3 tips to consider when buying essential items during high inflation, according to experts

With the high cost of living these days, Americans have shifted their spending habits to focus on buying only what they need. While things such as gas, groceries and toiletries are considered to be necessary purchases, the next question becomes, what is the best way to pay for them?

In today’s economic climate, especially now that most things are more expensive than usual, is it better to use cash, credit or debit to fund your everyday essentials? Here’s what the experts have to say.

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Avoid taking on debt to pay for essentials

Rod Griffin, senior director of public education and advocacy for the Experian credit bureau, pinpoints the following as his one universal piece of advice: Consumers should avoid taking on debt to pay for essentials.

With increased interest rates — and the expectation that they are going to climb even higher in the months to come — now is not a good time to take on debt to fund your everyday costs. That means if you can’t afford to pay off your credit card bill by the end of its current billing cycle, you should refrain from charging more expenses until you feel better equipped to do so.

As tempting as they may be to turn to when your money is spreading thin, credit cards already charge notoriously high interest rates — and they’ve gone up even higher since the Federal Reserve’s recent rate hikes.

“I would discourage using credit to pay for day-to-day expenses if you cannot pay the balance back on time and in full each month,” Griffin says. Carrying a balance is not only costly, but it can also hurt your credit score if your outstanding balance-to-credit-limit ratio, or credit utilization rate, is high.

Bruce McClary, senior vice president of membership and communications at the National Foundation for Credit Counseling, also warns against using a buy now, pay later option at checkout since these are essentially loans, or debt, that can ultimately be costly and eat away at your credit score.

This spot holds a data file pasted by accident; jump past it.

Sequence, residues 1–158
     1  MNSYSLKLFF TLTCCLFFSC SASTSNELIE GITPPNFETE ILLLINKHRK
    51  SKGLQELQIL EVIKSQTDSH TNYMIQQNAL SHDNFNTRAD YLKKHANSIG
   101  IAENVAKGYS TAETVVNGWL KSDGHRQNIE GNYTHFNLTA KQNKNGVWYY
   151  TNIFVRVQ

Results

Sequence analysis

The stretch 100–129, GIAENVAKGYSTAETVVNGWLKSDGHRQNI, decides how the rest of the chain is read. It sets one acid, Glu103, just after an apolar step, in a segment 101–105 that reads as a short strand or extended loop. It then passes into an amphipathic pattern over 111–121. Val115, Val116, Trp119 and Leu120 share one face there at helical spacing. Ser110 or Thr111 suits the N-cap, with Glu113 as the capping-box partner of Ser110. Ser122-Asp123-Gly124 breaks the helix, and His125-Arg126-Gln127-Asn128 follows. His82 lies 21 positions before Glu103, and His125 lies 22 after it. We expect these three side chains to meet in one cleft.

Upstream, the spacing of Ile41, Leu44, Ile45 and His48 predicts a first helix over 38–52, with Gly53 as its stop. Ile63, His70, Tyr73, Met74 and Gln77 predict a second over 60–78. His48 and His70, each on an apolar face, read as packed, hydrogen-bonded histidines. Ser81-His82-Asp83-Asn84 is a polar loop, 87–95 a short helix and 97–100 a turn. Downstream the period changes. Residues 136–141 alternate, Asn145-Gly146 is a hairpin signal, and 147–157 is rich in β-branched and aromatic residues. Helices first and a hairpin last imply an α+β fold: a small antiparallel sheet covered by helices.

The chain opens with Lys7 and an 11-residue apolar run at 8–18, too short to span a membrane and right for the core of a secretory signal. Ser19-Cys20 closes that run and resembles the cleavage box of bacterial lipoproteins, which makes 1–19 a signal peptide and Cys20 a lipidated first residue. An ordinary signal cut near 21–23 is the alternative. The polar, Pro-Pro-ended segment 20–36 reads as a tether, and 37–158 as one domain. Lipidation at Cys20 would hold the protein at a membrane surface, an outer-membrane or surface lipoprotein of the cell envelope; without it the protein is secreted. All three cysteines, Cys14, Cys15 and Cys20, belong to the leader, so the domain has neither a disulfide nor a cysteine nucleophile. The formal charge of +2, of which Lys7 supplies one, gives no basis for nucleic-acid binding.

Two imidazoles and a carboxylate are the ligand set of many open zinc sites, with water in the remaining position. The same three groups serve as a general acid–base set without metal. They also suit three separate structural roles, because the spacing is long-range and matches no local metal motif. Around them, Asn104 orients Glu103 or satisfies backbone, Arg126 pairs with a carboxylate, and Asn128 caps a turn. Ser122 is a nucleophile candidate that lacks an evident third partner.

“Many are presented at the moment you are ready to complete your purchase and may not require a credit approval,” McClary explains. “These are loans you have to repay, and they may come with interest and fees. There’s also the risk you could quickly [go] into more debt than you can manage.”

Even if you’re making your buy now, pay later payments on time and in full, each purchase that you fund this way shows up as its own separate account on your credit report, meaning multiple purchases can be listed as multiple short-term loans that each close once their balances are paid off. This, in turn, can end up lowering the average age or length of your credit history, which is another important factor in calculating your credit score.

Limit your spending by using cash

Consumers who can’t pay their credit card balance in full or who want to steer clear of buy now, pay later loans may want to opt for using cash instead for everyday essentials.

“Unlike credit cards that come with higher monetary limits, most consumers carry a limited amount of cash on them, making it easier to stick to their budget,” Griffin says. “Carrying cash can help consumers limit their purchases to the essentials on their list, and eliminate overspending and taking on more debt.”

In a similar vein, you can use a debit card. Though you aren’t physically limited to what’s in your wallet with a debit card, you are limited to what’s in your checking account. Since the money comes right out, you don’t have to worry about coming too close to your credit limit or being charged interest — this is assuming you don’t overdraft.

Consider using a debit card that offers rewards, such as the Discover Cashback Debit Account, which offers cardholders 1% cash back on up to $3,000 in monthly debit card purchases. Those who take full advantage of these rewards can earn up to $30 cash back per month and $360 annually.


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